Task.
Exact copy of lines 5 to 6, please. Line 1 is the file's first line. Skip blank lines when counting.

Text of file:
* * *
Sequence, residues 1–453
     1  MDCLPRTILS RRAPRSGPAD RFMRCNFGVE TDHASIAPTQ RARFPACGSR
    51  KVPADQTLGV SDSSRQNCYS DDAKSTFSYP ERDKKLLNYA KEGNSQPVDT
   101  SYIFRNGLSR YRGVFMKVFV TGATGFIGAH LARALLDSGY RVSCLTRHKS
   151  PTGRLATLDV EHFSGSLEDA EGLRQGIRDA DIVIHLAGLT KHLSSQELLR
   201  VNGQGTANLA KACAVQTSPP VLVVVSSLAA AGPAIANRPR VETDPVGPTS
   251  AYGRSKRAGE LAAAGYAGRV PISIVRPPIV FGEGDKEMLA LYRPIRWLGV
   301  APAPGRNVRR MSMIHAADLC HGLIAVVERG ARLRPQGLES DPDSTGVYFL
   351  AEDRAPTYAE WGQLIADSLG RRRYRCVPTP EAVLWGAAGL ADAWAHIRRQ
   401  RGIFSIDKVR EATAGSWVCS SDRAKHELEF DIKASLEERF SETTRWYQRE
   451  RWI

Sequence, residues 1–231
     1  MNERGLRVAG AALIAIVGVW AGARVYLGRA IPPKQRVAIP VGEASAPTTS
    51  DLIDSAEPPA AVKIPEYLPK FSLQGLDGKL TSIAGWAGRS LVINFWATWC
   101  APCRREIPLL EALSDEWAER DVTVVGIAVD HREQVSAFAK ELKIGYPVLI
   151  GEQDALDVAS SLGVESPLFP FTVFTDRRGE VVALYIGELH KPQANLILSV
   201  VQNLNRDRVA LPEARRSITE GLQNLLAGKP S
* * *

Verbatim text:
   151  PTGRLATLDV EHFSGSLEDA EGLRQGIRDA DIVIHLAGLT KHLSSQELLR
   201  VNGQGTANLA KACAVQTSPP VLVVVSSLAA AGPAIANRPR VETDPVGPTS